Jamie Raines and the Photobooth

I first found hope that I could transition from a petite twink to a passing man when I saw ‘Jammidodger’s YouTube video “FTM Transgender: Photo a day transition timelapse.” In the beginning circa 2012-ish, Jamie looks very similar to a lot of pre-transition men I know: gauges, dark clothes and  hair stuck up in all directions, face tilted down and eyebrows raised just a bit. (I am very familiar with this facial expression.) He has nearly the same smile and he is in nearly the same spot every picture. As the pictures go on, he smiles less and there are more pictures without his shirt on. The background shifts along with his hair, which moves around but is never parted on the left. About 1:30 into the video, he is showing stubble and his smile comes back. His shoulders grow broader and he looks so much fuller. Around 2:10, he has a full beard and he looks like the Jamie that his YouTube followers know today 2016 to 2018.

Jamie is among the most popular transgender YouTubers and, much like Rettberg writes about Brown, using serial selfies he ‘breaks down taboos’ about being on hormones, creating very realistic and honest videos. As of 10/22/18, 240,027 people have watched Jamie’s transition and over 208,000 are subscribed to him. Buzzfeed made an article summarizing his journey and pointing out the subtle changes to his structure, and Channel 4 condensed his images into a smooth stream of only 34 seconds. Rettburg says that ‘gender and race may have a lot to do with the different reception’ of time lapse videos. The eternal question is: how does a person outside society’s view of gender fit into all of this? Wikipedia defines gender presentation as a person’s behavior, mannerisms, interests, and appearance that are associated with gender in a particular cultural context. Arguably, gender dysphoria, the misalignment between one’s sex and gender, is caused by a culture’s view of what a person should be: IE, Jamie did not look ‘like a man should’, therefore people called him a female, which caused him discomfort and dysphoria. Taking testosterone was his way of presenting himself to the world as a man, and as he became more recognizably male those around him recognized him as a man as well, closing that metaphorical gap and causing Jamie to feel comfortable in his own skin. Taking this series of photos chronicled that journey from uncomfortable twink to confident man.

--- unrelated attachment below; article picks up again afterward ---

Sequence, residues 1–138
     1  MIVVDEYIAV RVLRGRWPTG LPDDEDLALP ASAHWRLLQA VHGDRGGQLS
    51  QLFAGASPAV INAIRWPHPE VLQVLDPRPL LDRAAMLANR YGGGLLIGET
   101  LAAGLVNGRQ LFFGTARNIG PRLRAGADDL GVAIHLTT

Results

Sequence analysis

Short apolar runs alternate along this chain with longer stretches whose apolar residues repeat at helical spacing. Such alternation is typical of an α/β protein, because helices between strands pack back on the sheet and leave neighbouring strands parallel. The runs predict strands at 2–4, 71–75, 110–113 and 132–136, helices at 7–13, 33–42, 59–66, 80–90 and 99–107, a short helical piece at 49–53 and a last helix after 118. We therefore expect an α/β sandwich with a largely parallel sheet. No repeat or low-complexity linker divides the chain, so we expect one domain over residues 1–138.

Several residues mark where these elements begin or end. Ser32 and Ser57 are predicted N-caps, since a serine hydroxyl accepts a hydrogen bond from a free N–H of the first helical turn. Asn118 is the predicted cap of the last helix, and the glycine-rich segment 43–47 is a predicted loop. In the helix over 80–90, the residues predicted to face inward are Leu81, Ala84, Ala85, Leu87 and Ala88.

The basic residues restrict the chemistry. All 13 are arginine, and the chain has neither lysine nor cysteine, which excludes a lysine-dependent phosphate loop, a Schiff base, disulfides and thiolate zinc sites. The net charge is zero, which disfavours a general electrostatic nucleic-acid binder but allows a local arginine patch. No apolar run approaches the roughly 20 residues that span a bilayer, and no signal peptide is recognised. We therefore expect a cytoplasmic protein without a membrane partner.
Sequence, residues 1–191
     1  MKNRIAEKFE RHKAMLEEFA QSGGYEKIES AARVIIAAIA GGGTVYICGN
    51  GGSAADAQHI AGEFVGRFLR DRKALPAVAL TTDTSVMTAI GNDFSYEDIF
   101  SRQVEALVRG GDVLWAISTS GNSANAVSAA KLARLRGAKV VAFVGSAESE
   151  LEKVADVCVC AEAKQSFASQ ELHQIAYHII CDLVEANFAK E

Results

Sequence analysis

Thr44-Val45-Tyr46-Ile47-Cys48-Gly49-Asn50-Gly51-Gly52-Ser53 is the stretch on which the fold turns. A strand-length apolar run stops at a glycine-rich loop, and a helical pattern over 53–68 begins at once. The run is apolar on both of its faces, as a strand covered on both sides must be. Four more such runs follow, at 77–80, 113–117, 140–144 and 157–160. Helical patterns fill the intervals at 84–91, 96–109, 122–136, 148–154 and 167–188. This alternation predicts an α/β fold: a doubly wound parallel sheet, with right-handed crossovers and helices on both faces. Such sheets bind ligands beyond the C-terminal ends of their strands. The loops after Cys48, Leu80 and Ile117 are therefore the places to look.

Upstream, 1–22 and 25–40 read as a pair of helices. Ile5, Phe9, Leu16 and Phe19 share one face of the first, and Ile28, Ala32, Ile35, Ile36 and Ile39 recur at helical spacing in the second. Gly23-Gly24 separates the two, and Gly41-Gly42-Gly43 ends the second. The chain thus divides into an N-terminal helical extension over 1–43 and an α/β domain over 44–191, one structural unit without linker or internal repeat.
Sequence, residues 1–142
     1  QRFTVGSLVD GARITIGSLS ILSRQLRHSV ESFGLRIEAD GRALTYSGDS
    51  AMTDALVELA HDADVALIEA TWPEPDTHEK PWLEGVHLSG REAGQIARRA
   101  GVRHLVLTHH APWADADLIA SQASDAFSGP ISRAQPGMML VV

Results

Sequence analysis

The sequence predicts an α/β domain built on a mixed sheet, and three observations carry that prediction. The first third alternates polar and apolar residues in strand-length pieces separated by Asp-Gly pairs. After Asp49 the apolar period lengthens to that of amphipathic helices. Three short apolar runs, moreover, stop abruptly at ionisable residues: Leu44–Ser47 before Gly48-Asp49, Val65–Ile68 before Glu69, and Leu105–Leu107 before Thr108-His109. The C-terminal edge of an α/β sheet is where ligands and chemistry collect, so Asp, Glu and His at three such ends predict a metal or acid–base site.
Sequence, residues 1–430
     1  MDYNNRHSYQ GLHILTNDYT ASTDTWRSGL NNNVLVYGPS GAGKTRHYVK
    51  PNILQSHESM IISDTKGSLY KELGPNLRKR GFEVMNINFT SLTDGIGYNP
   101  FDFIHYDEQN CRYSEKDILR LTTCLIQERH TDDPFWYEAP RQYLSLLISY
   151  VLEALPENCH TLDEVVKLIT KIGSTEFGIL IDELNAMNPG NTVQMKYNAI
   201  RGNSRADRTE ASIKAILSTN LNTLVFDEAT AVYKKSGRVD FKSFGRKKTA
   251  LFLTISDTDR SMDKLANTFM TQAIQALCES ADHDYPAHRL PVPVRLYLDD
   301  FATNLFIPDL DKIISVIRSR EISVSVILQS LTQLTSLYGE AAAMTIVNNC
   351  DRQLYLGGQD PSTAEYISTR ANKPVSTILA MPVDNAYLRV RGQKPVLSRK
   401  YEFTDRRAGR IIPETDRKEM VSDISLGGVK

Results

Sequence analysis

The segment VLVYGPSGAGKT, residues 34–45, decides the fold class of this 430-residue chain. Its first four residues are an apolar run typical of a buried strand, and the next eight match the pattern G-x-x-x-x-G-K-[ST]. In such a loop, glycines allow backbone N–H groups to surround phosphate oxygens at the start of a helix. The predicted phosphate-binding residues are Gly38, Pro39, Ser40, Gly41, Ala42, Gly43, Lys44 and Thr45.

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One Comment Add yours

  1. B. Robinson says:

    I admire what you did here. You didn’t position your topic in Rettgberg’s text, but rather, introduced your topic, made the post about that topic, and integrated Rettberg where it was fitting to do so. This piece is well done. You synthesized a wide range of information and made it readable, accessible and also thought-provoking. I think your piece does two things that good writing should. It informs and simultaneously opens up the reader’s mind to new questions and curiosities. Keep up the good work!

    Liked by 1 person

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